All kinds of magic are out of date and done away with, except in India, where nothing changes in spite of the shiny, top-scum stuff that people call ‘civilization’.
(Rudyard Kipling …)

….Environmental writer Gregg Easterbrook …wrote: ‘capitalism renders its chosen covetous, insecure, unfulfilled, constantly twitching…Materialist obsession has performed the amazing feat of making unprecedented abundance unsatisfactory to its beneficiaries.’

Despite enormous poverty and social problems, the Indians seemed to have an awareness of their place in the scheme of things very different from our own. Although anxious neither to idealise the East nor demonise the West, I couldn’t help but see a thread of meaning in Indian life, long since exorcised from my own culture. It was the meaning provided by religion, and it was evident in a thousand sparkling details on any given day: a rickshaw wallah touching his statue of Ganesh before a journey, a smouldering incense stick or the Muslim call to prayer, echoing through the dawn. Despite having been an atheist for as long as I can remember, I found this intensely moving.

Inside my rational empirically driven culture nothing was allowed a significance beyond itself. But in India, the opposite felt true. Everything, both animate and inanimate, was filled with a living spirit.

Like nowhere I’d ever been, India seemed to shine in my mind’s eye as somewhere alive with possibility.

……sadhus …..They lived life on their own terms. Their obsession with their inner journey was such that they’d given up everything to pursue it. They were romantic figures without the burden of possesions, worldly ambition, money of any kind. ….They weren’t trying to ‘be’ anything, unlike the rest of us. They were interested in absolute freedom and that suggested a sort of evolution to me.

In the East, religion has always been more about practice and experience than dogma……What was important for these pilgrims was not so much the writtten scriptures of the canon of any specific tradition. It was the idea of religion as practice, as lived experience bringing one closer to God. ….Ramakrishna, the Bengali saint of the nineteenth century. For him the scriptures were ‘a mixture of sand and sugar’ and science ‘mere dirt and straw after the realization of God’. Learned people, to him, were like wanderers in an orchard, who count the leaves and fruit and argue over their value instead of plucking and relishing the crop.

…a Swedish Indologist… ‘The opening up of the self to the mystical realms of consciousness can be very dangerous,’ he said, ‘because it leaves the practitioner open to all kinds of influences. That’s why sadhus are always drawing boundaries around themselves. They do it with their lines drawn in the earth, by sprinkling water and by sitting before fire. This protects and grounds them. It purifies everything it touches.’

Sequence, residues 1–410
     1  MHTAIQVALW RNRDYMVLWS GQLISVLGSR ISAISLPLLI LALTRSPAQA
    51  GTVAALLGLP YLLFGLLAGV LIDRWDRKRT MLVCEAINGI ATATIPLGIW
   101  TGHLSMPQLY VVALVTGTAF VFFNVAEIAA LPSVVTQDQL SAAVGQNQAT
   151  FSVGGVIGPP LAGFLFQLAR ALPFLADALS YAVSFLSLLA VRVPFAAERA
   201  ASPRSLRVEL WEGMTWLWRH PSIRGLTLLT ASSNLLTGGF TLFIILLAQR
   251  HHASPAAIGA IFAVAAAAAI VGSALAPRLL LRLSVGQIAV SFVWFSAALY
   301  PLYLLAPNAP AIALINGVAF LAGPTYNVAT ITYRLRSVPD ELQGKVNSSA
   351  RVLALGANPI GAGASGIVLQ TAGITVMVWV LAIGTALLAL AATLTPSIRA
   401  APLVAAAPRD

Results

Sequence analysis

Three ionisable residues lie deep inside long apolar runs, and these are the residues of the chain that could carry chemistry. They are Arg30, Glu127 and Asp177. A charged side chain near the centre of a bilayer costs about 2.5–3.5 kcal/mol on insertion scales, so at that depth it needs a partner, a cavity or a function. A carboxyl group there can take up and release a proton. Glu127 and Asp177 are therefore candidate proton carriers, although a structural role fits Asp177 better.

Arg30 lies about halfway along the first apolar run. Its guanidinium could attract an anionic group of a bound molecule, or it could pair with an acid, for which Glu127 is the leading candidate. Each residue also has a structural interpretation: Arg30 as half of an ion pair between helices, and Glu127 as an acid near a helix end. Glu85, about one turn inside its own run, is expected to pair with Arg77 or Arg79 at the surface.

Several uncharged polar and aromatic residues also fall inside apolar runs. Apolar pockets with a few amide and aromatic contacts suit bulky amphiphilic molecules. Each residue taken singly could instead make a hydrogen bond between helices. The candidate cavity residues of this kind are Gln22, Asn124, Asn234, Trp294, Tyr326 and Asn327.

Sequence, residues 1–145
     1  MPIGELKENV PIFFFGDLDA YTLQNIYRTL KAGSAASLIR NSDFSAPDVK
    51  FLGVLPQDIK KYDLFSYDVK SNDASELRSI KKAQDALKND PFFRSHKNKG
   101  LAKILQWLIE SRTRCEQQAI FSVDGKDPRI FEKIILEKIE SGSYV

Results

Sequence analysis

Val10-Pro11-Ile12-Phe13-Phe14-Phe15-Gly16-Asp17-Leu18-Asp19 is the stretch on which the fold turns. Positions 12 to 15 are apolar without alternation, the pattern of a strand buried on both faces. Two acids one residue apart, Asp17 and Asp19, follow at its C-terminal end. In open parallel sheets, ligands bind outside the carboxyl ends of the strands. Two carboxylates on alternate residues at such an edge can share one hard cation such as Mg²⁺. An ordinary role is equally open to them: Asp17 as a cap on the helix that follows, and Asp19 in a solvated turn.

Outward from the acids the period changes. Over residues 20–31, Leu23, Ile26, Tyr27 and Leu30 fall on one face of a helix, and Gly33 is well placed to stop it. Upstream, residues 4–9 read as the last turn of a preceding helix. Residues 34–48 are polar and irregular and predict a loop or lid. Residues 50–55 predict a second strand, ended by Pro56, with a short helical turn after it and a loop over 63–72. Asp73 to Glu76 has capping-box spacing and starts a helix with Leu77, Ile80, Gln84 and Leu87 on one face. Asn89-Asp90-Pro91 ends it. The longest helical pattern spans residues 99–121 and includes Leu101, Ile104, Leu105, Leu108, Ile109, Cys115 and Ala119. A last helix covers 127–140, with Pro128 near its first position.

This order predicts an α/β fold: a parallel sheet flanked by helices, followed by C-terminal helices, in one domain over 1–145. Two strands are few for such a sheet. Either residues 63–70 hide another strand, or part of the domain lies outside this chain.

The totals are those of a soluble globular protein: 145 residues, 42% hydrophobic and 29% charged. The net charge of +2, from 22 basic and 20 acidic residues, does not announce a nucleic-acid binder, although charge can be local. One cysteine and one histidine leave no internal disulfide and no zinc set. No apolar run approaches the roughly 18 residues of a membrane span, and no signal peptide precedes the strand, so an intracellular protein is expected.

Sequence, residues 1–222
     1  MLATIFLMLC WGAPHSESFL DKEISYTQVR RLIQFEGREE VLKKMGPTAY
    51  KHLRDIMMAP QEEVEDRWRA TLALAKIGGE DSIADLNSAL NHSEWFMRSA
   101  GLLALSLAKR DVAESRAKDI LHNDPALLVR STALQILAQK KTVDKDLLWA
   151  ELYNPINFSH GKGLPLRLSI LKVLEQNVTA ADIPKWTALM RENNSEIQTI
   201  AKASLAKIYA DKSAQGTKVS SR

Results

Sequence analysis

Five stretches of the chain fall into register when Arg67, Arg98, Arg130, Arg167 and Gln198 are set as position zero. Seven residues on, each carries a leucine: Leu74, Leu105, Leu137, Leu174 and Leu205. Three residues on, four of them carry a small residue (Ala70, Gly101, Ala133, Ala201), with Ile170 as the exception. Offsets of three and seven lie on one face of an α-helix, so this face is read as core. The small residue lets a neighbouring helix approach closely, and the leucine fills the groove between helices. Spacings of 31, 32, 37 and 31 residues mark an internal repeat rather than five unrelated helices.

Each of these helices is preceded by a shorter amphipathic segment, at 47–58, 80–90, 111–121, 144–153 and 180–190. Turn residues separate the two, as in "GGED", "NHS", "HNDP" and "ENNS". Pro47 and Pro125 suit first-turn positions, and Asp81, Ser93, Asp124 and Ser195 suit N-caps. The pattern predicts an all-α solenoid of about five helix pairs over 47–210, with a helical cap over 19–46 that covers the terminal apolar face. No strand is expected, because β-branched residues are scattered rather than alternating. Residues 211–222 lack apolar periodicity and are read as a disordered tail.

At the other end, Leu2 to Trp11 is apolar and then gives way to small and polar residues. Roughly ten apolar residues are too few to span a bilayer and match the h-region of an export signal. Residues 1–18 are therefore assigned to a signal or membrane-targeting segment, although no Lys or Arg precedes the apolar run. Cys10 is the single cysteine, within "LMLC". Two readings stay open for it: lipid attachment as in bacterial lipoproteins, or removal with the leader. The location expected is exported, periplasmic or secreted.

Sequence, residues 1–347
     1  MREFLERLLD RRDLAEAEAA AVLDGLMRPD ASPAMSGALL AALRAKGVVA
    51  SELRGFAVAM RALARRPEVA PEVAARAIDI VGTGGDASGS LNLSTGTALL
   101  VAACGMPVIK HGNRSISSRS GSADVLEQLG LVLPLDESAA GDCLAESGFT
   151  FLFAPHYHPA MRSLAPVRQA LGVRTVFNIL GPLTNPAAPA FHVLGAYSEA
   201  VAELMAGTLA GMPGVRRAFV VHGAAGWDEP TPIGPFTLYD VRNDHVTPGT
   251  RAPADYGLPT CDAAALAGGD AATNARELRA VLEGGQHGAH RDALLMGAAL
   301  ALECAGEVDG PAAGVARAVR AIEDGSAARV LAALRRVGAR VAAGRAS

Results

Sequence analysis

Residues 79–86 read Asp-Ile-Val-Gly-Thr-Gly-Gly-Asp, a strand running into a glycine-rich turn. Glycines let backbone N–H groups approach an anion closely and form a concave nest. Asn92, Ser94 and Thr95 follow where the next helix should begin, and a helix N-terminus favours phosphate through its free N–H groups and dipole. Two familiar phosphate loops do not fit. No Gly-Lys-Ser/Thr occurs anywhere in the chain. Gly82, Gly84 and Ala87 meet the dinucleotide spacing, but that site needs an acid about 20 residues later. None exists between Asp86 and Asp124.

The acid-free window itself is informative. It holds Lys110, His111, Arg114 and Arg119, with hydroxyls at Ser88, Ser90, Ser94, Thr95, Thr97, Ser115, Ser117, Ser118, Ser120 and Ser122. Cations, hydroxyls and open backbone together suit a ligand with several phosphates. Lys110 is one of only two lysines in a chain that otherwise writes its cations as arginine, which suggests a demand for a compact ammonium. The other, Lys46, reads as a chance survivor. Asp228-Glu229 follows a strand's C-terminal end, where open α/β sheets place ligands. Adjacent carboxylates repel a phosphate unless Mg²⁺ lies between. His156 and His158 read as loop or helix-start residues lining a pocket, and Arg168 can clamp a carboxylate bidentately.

I realized that the Indians made no distinction between a foreign sadhu like Ram and any of the others.

‘Jadoo is certainly there,’ he said. ‘But you’ll never see it outright…… It’s seen as a display of ego to show off one’s powers. The only reason people do it is to nudge the common man from his dream, get him thinking that there’s something else going on in the universe. …..there have been occasions, yes, when I have felt myself subtly manipulated, moved in various directions. There’s no doubt in my mind that powerful forces are at work. We call them siddhas, actually – the power to control, through yoga, the subtle energies. …..dedicate yourself to the most rigid austerities under the tutelage of a guru. And the irony will be that when you finally gain the ability to perform these feats, you’ll realize how irrelevant they are.’
‘What is important then?’ I asked
‘Merging with the Absolute,’ said Ram. ‘Nothing else.’

For now, India remained the best place in the world to follow a mystical path……

Until now, India has yet to impose those strict barriers between the animal and human worlds that render Western cities so particularly sterile. To see a cow garlanded and sleeping between rows of traffic, a temple monkey receiving prasad or vultures descending upon the Towers of Silence, is to feel connected still to a larger web of life, the Indian gods, too, in all their animal forms, remind us that the natural world is one of the most obvious manifestations of the divine we have.